Just this week we read and talked about feelings of being obsolete. While the inherent purpose was to discuss the evolution of technology and digital spaces, I gravitated to my own person concern and woe. I instantly responded with the moment that my then high school freshmen sat in my introduction to journalism class and had no idea what several of my pop culture references were or meant — such as my very consistent retort: Oh my lanta.
I’m a pop culture junkie. Like it is something I pride myself on.
But in those initial moments of that hot August, just as the academic year was in its infancy, I came to the conclusion that how I interacted and engaged grew to be more middle-aged or geriatric for the budding baby journalists that sat before me. I began to venture into the obsolete.
To me, one of the most critical takeaways from the work I’m doing for this fellowship is that technology may become obsolete but the skills I’m gaining won’t. I started this experience concerned about the ethics of big data and having to challenge myself to be more okay with the idea that big data doesn’t mean big issues. Rather, I’ve found that it provides a different perspective. I learned the basics of R to work with this large dataset, but the foundations I gained can help me make data analysis, cleaning, and organizing easier regardless of the dataset size or method.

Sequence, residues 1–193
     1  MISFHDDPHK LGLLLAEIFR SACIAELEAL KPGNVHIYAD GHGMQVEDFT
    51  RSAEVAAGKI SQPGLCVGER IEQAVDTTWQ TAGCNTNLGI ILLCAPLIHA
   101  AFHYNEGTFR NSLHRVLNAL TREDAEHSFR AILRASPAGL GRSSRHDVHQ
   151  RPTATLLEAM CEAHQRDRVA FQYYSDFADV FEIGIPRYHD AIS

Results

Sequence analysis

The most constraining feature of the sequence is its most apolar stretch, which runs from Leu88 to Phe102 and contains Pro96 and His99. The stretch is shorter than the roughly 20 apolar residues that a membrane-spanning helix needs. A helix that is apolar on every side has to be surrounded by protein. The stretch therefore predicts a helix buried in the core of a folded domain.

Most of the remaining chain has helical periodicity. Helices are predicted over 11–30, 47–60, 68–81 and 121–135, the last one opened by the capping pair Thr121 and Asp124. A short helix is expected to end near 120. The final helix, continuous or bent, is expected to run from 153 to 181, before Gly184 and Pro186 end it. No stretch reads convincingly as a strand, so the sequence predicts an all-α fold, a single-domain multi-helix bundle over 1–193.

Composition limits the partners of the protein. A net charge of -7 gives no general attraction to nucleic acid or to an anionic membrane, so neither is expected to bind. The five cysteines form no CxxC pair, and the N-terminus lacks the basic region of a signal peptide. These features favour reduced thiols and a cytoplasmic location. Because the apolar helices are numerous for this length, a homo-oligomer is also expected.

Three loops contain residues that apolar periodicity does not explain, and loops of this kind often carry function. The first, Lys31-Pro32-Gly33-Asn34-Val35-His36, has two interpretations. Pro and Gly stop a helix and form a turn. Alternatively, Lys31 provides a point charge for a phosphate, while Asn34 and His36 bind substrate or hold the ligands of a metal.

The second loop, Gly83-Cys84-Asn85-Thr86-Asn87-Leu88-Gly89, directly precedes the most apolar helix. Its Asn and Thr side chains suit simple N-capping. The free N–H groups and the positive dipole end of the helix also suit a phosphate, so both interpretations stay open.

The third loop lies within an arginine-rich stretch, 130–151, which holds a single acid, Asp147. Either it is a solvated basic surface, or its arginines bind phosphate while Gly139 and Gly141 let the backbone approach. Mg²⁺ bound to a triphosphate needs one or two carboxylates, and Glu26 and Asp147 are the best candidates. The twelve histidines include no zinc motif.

I learned to ask questions about process, not outcome. With Nikki’s guidance and support, I’ve been able to grasp how digital tools can help shift my time and attention, thus improving my productivity. My proclivity for organization also improved with new opportunities to use technology to enhance my database building, coding, and thinking. I even had a wink and a nod suggestion that if what I’m doing doesn’t work out I could have a future in the information sciences.
But most importantly, I’m not obsolete. What I do and have done has the power to help others, which inherently means I won’t ever be obsolete. That should be my goal—to use what I’ve learned not to bow down to the technology gods but to make a difference in the communities I hope my research can serve. If anything, I certainly am walking away from this experience knowing that I’m far more capable than I originally gave myself credit and that’s a difference-maker in itself.